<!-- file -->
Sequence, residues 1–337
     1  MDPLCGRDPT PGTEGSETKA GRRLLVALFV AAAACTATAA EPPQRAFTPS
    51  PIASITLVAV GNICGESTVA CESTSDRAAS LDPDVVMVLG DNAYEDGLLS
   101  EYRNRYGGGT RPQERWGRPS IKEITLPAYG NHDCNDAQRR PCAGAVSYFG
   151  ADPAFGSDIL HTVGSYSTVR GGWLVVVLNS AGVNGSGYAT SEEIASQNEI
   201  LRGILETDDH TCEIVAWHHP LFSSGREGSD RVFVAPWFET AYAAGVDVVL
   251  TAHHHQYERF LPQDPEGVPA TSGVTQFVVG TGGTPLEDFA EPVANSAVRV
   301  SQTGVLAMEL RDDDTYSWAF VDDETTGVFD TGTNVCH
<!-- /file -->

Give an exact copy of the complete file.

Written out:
Sequence, residues 1–337
     1  MDPLCGRDPT PGTEGSETKA GRRLLVALFV AAAACTATAA EPPQRAFTPS
    51  PIASITLVAV GNICGESTVA CESTSDRAAS LDPDVVMVLG DNAYEDGLLS
   101  EYRNRYGGGT RPQERWGRPS IKEITLPAYG NHDCNDAQRR PCAGAVSYFG
   151  ADPAFGSDIL HTVGSYSTVR GGWLVVVLNS AGVNGSGYAT SEEIASQNEI
   201  LRGILETDDH TCEIVAWHHP LFSSGREGSD RVFVAPWFET AYAAGVDVVL
   251  TAHHHQYERF LPQDPEGVPA TSGVTQFVVG TGGTPLEDFA EPVANSAVRV
   301  SQTGVLAMEL RDDDTYSWAF VDDETTGVFD TGTNVCH